Friday, June 29, 2012

The Church's great myth

There is a myth that floats around in the Church. It is one of those myths that everyone believes, even though almost no one will talk about it openly. It is simply assumed to be reality; in fact, it is accepted without thinking and becomes a part of the culture of a congregation. Most myths have a core of truth, but this one has no truth in it at all. In fact, it is one of the tools of that master deceiver, Satan himself. What is this dangerous, insidious myth? ‘The Small Catechism is only for confirmation students.’

This myth has meant that we lock away the Catechism when we are confirmed; we were told to memorize all those explanations, but we never use them again. This myth has meant that we never return to the basics, and so the foundation of our instruction in the faith begins to crumble. This myth has led us to treat the Catechism as a textbook with one goal (confirmation), not as vital to every aspect of a congregation’s life. This myth hinders evangelism, because without Luther’s simple explanations at our fingertips, we find it very difficult to confess what we believe to others. This myth hampers youth ministry, because we don’t reinforce in high school and college what was instilled in confirmation, and their faith withers as a result. In short, this myth is crippling on the work of the Church.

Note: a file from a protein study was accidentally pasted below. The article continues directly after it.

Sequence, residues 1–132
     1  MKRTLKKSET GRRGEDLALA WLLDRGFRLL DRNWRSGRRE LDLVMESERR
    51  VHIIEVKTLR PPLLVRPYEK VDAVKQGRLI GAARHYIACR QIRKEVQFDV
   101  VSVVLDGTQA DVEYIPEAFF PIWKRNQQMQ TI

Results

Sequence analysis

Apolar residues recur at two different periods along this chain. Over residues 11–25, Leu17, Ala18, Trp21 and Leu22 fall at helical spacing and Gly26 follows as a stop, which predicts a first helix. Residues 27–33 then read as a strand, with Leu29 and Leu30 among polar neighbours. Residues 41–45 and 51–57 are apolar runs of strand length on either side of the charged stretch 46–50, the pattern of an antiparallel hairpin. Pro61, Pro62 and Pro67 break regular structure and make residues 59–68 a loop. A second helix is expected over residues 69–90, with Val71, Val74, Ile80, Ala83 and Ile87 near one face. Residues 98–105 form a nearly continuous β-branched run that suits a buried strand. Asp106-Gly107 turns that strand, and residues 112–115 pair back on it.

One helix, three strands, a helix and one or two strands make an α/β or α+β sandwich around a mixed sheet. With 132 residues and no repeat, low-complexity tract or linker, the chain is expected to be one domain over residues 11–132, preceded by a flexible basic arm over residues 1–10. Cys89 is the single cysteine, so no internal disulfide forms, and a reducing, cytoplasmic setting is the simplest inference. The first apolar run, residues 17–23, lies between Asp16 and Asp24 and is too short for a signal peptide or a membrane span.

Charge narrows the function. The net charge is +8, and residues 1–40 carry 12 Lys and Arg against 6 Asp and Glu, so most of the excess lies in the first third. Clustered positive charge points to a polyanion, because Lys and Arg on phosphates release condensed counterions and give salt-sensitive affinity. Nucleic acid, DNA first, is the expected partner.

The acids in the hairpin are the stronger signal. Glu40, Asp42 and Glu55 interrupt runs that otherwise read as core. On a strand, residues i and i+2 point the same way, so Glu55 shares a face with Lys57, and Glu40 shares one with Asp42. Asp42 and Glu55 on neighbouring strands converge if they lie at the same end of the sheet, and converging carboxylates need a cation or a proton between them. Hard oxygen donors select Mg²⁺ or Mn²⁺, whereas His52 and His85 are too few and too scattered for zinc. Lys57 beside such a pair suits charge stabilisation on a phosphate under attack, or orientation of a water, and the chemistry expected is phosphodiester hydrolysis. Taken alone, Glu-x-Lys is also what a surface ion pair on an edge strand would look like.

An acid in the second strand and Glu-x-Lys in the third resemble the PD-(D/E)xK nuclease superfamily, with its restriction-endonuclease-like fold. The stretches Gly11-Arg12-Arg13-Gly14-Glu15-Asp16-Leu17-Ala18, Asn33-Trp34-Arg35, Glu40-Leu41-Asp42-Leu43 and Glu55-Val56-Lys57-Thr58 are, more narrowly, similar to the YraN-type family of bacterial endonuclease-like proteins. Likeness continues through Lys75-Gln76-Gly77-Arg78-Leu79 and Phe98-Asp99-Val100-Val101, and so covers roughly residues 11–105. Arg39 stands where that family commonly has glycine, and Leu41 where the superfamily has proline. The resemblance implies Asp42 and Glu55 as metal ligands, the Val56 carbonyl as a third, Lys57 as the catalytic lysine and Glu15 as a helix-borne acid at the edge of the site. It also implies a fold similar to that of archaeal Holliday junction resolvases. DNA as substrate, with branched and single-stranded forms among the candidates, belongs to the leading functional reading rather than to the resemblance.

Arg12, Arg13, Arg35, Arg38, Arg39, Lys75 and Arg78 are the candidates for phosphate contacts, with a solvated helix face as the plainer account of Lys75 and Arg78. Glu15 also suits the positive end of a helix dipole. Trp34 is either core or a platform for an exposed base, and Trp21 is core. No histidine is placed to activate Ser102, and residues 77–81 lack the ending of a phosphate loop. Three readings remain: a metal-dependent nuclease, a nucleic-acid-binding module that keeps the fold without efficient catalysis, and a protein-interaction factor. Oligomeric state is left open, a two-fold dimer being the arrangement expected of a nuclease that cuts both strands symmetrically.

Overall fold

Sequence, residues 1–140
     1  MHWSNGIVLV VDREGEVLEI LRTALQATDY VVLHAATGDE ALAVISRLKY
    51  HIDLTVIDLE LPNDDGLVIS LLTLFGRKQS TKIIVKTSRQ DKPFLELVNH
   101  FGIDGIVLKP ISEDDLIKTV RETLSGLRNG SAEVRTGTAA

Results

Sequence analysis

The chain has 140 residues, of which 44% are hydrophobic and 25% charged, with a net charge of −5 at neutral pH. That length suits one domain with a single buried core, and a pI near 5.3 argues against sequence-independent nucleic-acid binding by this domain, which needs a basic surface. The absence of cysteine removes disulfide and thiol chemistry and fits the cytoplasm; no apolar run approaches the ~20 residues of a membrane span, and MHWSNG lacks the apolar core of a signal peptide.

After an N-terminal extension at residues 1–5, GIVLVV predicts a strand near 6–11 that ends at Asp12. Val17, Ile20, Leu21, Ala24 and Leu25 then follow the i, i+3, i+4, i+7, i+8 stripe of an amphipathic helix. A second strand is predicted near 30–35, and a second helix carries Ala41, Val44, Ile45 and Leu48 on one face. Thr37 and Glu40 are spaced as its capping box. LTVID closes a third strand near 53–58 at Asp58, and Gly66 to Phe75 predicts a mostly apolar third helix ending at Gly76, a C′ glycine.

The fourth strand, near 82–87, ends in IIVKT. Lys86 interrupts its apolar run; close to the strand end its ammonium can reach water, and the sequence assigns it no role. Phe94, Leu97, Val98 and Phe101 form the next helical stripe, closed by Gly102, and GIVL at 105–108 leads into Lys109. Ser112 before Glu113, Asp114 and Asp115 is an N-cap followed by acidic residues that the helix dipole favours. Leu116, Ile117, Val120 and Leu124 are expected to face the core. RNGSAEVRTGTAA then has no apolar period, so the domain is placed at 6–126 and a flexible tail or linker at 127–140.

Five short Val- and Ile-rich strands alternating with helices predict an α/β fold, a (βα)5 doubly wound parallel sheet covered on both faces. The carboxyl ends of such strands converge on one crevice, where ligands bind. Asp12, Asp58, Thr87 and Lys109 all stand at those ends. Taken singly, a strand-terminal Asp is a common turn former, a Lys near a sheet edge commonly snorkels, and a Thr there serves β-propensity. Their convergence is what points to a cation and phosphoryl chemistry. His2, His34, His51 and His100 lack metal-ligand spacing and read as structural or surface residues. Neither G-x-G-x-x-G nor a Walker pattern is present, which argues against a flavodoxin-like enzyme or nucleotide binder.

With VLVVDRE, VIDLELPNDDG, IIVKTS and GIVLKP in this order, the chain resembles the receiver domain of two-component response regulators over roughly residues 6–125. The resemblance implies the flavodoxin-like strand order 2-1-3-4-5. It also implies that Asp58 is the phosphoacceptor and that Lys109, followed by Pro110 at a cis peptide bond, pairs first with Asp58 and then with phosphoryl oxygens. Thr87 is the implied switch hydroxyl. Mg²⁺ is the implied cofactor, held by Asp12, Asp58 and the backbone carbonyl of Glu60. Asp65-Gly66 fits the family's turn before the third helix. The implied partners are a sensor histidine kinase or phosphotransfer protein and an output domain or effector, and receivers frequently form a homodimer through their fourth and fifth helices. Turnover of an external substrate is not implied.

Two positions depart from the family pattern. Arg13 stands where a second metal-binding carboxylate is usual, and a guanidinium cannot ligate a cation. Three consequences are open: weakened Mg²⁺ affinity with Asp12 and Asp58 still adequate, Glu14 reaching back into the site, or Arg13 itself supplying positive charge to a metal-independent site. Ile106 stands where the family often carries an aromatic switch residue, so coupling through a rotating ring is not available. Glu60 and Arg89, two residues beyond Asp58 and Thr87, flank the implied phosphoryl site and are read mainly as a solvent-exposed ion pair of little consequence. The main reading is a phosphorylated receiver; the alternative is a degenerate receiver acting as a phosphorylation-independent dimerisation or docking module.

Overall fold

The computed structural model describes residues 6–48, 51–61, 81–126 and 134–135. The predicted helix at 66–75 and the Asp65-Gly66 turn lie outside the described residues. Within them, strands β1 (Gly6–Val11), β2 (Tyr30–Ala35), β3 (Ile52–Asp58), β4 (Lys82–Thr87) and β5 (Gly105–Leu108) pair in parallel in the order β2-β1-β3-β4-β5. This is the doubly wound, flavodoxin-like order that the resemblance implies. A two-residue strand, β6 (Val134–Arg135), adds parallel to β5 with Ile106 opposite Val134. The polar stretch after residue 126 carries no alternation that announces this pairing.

This should not be!  Martin Luther himself, who wrote the explanations that we study today, confessed that he remained a student of the Catechism his entire life. It was central to his life as a Christian, and so it should be central to our lives as individual Christians and as congregations. It is much more than a textbook, it is the foundation of our faith. The Catechism forms our lives as Christians; it proclaims both Law and Gospel, it teaches us about our God, it teaches us about the Sacraments, it teaches us about our life before God and men. The Catechism is a gift, the gift that keeps on giving, at every stage of life.

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